The Hothouse – an introduction

The young priest crouched on the corner of the table, as was his habit, mortifying his flesh in minute ways on the sharp, formica edges. It was important to maintain a constant stream of discomfort in order to ripple his skin and prick his nervous system into a continuous semblance of faith – this he had been taught from a young age, but was unable to put into practice until the fires of youth that licked up and down his thighs had been quelled through the most agonising of measures. The bishop looked at his latest charge, and recognised the stooping posture and flinching of the eyes so common in the newly fervent. „Come and see,” he said. „Tell me what surrounds you”.

The island’s light seeped through the shutters, and illuminated the sweating books that littered the room. This was the hothouse, the heavy, humid and vegetably idle ventricle of faith at the centre of the complex, a place where things did not so much grow, but were cajoled and coerced into unnatural shapes, early blooms and perversions of flora. All around were petals whose fragrance suggested they were soaked through with semen, black veins running up and down the nodding phallus at their centre. To their left were the clitoral orchids, swollen with sap which attracted the butterflies who died ecstatically in the salty-sweet nectar, and all the while seventeen tense stamen knocked into the viscous pollen over and over again, agitated by the heat, quivering under the lightest vibrations. Huge buttery leaves clamoured for attention against the lead-lined glass, spreading like waxen buttocks to reveal their acidic funnels, and sickening durian fruits dangled from boughs, stinking of decomposing meat and blackened, bruised by the battering of the crayflies that raped the shimmering air around their bulbous forms. The young preist gazed at the creased pornography of nature, the sins inherent in design.

„I see the toothmarks of Eve on a thousand apples. I see the depravity of the base forms of nature, which I have overcome by the rejection of the natural in myself. I see the weakness of temptation. I see the sweat and groan of evil, against the beauty of your capture. I see the church’s success in overcoming these things, bottling them and holding them in stasis”. The young priest pushed his groin against the sharpest edge of the furniture, cutting into his enflaming thighs. The hothouse’s myriad fragrances, the miasma of lust affected even the most mortified novices – this was well known.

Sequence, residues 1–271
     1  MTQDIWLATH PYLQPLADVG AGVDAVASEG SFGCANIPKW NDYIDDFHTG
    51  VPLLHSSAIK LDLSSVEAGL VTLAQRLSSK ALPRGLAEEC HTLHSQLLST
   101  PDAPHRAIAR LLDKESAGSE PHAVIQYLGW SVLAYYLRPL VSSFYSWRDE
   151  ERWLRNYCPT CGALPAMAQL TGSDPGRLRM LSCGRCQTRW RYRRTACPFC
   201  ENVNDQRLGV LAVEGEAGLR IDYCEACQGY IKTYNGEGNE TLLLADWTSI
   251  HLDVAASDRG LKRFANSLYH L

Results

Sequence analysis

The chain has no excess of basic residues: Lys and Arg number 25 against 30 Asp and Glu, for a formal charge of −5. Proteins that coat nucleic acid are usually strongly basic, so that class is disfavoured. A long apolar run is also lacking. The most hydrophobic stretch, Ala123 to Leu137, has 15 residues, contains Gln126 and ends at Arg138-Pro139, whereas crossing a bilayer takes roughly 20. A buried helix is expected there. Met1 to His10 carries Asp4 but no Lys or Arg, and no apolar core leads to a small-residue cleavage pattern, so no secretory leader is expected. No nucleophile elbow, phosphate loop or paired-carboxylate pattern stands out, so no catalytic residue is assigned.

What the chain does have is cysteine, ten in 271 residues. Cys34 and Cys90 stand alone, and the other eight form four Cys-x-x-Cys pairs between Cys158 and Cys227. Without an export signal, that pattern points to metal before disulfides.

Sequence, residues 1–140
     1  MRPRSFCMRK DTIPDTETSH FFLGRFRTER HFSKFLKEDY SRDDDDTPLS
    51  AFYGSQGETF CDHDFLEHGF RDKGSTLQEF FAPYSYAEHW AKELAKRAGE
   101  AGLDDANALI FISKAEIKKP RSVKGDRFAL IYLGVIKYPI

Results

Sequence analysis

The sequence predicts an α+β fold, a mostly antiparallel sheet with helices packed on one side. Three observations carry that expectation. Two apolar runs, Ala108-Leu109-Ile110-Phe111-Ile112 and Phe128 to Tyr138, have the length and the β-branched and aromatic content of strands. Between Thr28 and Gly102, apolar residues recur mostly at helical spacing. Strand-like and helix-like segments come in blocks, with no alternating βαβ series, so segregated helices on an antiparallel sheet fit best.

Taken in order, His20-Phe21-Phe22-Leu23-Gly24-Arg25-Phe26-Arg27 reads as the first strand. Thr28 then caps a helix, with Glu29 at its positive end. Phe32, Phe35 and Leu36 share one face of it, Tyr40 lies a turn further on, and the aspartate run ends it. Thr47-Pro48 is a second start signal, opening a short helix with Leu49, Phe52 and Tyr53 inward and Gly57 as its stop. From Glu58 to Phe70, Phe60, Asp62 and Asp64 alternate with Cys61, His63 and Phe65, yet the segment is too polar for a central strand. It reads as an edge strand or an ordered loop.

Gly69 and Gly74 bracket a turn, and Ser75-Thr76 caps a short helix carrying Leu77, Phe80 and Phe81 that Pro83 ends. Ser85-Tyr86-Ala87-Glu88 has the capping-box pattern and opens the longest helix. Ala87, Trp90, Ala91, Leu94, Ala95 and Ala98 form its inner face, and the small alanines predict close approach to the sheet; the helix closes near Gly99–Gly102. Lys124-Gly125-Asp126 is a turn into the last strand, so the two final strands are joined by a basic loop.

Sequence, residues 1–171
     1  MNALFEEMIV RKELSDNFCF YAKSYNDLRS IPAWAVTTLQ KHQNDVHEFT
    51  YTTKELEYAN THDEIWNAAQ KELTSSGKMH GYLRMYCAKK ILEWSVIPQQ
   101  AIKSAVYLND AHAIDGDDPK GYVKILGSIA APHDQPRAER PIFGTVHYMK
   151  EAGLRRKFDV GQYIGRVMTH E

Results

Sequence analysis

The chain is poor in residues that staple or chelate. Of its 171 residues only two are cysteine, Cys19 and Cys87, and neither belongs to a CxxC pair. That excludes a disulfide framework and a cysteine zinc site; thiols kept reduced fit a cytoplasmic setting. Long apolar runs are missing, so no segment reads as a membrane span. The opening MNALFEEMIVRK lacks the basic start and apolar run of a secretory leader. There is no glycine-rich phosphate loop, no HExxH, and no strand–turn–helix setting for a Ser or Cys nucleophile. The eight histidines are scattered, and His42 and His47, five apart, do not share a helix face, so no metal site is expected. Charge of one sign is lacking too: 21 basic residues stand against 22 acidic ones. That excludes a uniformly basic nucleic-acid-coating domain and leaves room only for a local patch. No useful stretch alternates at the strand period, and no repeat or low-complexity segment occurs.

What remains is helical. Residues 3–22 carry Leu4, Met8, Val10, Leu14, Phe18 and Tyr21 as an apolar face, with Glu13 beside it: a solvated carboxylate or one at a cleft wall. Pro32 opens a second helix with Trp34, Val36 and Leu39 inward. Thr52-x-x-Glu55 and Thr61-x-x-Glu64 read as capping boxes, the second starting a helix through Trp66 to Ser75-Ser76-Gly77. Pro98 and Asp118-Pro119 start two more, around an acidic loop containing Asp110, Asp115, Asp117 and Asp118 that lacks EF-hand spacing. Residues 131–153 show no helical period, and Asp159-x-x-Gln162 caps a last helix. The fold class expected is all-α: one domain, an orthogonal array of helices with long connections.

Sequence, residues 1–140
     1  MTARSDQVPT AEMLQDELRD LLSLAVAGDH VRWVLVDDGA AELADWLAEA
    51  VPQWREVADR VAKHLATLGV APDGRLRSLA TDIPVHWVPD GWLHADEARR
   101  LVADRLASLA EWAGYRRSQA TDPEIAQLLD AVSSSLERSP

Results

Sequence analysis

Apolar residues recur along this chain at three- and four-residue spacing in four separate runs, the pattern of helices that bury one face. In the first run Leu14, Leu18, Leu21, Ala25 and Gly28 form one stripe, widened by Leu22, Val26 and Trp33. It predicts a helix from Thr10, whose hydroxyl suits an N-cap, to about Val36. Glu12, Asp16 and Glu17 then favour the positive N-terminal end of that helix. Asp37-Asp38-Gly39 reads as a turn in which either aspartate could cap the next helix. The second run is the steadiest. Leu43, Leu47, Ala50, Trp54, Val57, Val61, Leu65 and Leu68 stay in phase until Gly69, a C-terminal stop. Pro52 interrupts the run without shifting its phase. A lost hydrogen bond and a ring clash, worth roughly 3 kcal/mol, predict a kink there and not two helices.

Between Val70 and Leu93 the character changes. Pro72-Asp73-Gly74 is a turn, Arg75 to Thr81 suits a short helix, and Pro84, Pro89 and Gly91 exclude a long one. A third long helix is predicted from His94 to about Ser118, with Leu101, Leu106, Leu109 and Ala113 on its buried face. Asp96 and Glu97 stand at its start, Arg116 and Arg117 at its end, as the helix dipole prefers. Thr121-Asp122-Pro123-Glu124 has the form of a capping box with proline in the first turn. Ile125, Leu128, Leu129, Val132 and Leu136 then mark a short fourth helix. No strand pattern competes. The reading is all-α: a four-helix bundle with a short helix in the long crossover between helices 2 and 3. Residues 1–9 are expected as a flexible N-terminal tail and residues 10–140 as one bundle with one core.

The bishop sighed, and palpated his damp papers into a bolus at the pit of his hands. He could remember a time before the glass room was completed, before the church had a hot and bloody heart at its centre. Young women from the city, toes tossing their puddles of gin. Lycanthropic men, hairy palmed and barking at the birds. Sin was somehow simpler, then. He looked up at the newcomer, fingering his dogcollar and fantasizing of dust. „Walk deeper into the hothouse. Sit down awhile, and look closer. Breathe, examine your skin.”

„This rabid mouth of faith is to be of some importance to me?” the priest replied. „Forgive me, father, but I do not understand. The hothouse was built to be shunned, a crystallisation of shame, was it not?”

The bishop stood up, and began to walk away. A woman was singing, somewhere. The sound was sweet, and punctuated by the rhythmic buzzing of tiny wings. „No, it wasn’t”, he said, as he opened a window to let the vines escape.

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About Benjamin Norris

Published writer of short stories, long stories, poems. Well received art critic and cultural commentator for Berlin magazines. Collaborator with operatic societies. Co-writer of fictional historic psycholinguistic journals. Lecturer of architecture and art history at a Budapest University. View all posts by Benjamin Norris

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